As we came around the bend and the trail came to an end, the final carvings honored some of our favorite icons who have passed away. Although there were several, this one was my favorite. Perched at the gates of Heaven, a laughing Robin Williams is depicted exactly how I hope to always remember him.
If you go:
* Tickets are available for purchase on the website (with a $6.95 convenience fee charged by the ticketing venue used by Iroquois Park) or on-site. On busier nights (like this weekend), it may be worth it to pay the $7 just to avoid standing in a ticket line. Your call. I think you may be able to swing by the box office (which opens at 4 PM) and pick them up in advance, as well. Proceeds benefit the Louisville Metro Parks Foundation.
Seniors: $10 (62+)
Children: 9 (3-12...yep, Blue was free! Yipee!)
On Fridays and Saturdays, each ticket goes up by $3.
Parking is free.
*Gates are open 7 PM-11PM Sunday - Thursday; 7 PM - midnight Friday and Saturday and it is rain or shine (although it looks to be dreadfully dry through the rest of the weekend.)
*The route through the display is a 1/4 mile soft surface, woodland trail (similar to paving). We took the jogging stroller but it will easily accommodate anything from a carrier stroller, on up. There are a couple of steep inclines, but I would not consider it strenuous at all. There are docents (with flashlights) stationed along the path to provide assistance as needed. The amphitheater also provides staff, who are available to escort visitors through the entire trail, if requested. In short, this is accessible for everyone.
*There aren't any restrooms on the path. Plan accordingly.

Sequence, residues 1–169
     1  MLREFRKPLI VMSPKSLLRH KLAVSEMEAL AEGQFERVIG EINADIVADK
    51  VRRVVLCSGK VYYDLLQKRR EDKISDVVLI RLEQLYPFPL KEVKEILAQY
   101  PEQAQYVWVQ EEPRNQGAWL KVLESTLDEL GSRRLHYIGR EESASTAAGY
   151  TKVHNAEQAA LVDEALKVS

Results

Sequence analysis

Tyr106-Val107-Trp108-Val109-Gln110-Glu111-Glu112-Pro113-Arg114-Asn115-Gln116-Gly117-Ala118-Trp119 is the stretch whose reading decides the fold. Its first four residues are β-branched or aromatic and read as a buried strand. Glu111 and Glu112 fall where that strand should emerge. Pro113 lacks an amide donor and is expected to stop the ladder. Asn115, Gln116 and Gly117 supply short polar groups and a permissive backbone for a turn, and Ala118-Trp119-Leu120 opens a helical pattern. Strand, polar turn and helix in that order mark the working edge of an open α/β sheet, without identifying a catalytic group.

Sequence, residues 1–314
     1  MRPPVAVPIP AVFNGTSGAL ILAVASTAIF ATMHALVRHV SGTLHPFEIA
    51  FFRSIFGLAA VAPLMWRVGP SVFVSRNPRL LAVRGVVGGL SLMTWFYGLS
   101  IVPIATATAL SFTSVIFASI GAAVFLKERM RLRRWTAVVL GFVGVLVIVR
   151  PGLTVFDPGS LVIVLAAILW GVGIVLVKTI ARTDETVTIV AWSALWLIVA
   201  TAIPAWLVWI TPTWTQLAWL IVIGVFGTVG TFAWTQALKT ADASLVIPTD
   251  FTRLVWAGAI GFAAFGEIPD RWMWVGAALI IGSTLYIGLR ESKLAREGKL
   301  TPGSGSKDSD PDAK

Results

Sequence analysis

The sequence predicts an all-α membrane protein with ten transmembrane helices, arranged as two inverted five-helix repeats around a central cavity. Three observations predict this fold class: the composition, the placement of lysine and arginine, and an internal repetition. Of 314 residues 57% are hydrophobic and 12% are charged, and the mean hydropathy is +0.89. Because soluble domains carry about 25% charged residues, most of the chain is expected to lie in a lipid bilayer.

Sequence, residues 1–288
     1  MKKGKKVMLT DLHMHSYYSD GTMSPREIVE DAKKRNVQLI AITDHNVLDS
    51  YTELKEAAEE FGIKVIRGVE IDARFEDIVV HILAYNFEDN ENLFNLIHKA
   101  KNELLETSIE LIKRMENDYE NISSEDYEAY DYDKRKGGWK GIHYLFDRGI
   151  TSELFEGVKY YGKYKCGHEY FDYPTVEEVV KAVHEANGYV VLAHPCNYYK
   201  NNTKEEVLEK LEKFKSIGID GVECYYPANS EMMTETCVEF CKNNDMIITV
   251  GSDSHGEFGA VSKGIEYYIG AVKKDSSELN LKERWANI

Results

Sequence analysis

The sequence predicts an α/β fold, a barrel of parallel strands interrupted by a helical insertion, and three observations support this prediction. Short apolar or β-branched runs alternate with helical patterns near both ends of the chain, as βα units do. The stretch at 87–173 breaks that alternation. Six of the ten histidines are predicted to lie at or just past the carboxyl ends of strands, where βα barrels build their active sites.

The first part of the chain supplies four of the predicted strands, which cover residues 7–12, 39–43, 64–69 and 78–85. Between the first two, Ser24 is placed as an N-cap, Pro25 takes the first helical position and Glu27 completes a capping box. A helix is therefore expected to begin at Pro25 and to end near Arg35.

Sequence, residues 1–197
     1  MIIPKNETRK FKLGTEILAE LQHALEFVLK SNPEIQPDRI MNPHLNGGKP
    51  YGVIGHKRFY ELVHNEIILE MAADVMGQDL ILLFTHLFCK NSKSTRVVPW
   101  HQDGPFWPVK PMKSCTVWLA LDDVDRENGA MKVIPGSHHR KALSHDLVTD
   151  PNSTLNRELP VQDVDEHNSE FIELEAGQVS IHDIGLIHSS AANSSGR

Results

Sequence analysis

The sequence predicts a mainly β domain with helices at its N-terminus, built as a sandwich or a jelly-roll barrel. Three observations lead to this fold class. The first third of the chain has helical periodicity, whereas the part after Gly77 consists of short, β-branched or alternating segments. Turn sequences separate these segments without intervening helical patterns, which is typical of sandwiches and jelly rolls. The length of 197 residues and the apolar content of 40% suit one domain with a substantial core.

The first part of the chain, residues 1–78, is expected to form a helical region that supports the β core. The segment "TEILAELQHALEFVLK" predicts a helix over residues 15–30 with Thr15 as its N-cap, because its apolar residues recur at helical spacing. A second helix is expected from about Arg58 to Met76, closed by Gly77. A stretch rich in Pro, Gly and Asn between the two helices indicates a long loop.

*There is an ATM located near the food and drink vendors. Since we didn't purchase anything, I don't know what their preferred method of payment is, but I'm assuming it's cash.
*All of my pictures were taken using my iPhone 5 without the flash. I saw many people fiddling with point-and-shoots, but my cell phone did just fine. The event staff are correct...using the flash ruins the entire effect of a glowing pumpkin. Just don't even mess with it.
*For anyone visiting over the weekend, they are running shuttles from the local high school and golf course parking lots if the Iroquois Park lot reaches capacity. Check the website for information on shuttle locations and times.
*If you can, visit on an off-day...or after it has rained all day. I would stand in a 90-minute line for this, but, y'know....I would rather not.
I learned a few other interesting pieces of information from the lady keeping the guest book at the end of the trail (please sign the guest book. It's feedback for the artists and for the city park service). The creator of Jack-O-Lantern Spectacular hails from Oxford, MA, where his father has been designing drive-thru jack-0-lantern displays since 1988. The son moved to Louisville and signed a 5-year contract with the Louisville Metro Parks Foundation to offer this annual walk-through event. He employed 25 local artists to help him complete his vision. This is their 2nd year (last year's theme was Around the World) and in the next 3 years, the art show aims to become even more...well...spectacular.